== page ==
It'll be much easier to bet on baseball now

Casual gamblers who wish to place legal bets on MLB here and there will no longer have to travel to Nevada, currently the only state with legalized sports gambling, to do so. They'll soon be able to bet right in their home state. Folks who bet on sports heavily were doing that already, either legally or illegally. They already had plenty of gambling options available to them. Now they have more. 

More than anything, Monday's ruling paves the way for those who wish to place occasional legal bets on baseball to do so without leaving home. In fact, it's possible we'll see betting lines referenced during broadcasts down the road, bringing gambling on baseball closer to home than ever.

MLB wants a cut

For years and years the various sports leaguers vehemently opposed legalized gambling, for fairly obvious reasons. The Black Sox Scandal and Pete Rose are black marks on MLB history. The leagues have changed their tune within the last year or so, however, one they realized they could potentially profit from gambling.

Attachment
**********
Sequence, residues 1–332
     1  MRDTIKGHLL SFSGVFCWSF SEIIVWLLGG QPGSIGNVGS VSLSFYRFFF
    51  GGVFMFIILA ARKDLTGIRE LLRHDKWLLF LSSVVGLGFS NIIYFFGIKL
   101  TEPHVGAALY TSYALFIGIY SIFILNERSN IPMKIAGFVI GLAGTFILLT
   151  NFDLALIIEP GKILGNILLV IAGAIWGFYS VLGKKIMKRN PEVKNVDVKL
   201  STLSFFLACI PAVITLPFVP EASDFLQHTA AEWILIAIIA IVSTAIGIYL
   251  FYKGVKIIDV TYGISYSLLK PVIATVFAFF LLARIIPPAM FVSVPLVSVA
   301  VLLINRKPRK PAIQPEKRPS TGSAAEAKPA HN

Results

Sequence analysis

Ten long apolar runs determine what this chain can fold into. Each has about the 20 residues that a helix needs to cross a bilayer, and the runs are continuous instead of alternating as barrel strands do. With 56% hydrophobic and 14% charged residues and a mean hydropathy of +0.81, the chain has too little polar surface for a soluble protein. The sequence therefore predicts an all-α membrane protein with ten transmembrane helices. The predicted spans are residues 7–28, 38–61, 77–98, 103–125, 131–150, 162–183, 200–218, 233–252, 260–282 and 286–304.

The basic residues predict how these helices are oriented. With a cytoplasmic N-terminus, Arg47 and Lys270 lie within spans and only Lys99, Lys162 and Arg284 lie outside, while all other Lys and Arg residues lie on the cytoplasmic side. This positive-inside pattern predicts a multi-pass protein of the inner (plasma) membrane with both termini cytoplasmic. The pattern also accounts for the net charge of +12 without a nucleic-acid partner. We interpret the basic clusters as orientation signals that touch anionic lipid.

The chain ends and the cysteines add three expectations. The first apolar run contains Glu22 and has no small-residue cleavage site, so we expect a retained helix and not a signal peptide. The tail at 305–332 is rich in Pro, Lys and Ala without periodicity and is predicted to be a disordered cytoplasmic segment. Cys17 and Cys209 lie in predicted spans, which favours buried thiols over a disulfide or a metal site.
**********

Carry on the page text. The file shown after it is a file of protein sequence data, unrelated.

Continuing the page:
MLB and the National Basketball Association have most actively lobbied states in an effort to craft favorable sports betting laws. The various sports leagues are seeking a one percent "integrity fee," meaning one percent of the total amount wagered would be payable to the applicable league. Bet on baseball and one percent of your wager goes to MLB, basically. One percent doesn't sound like much, but it is a lot of money.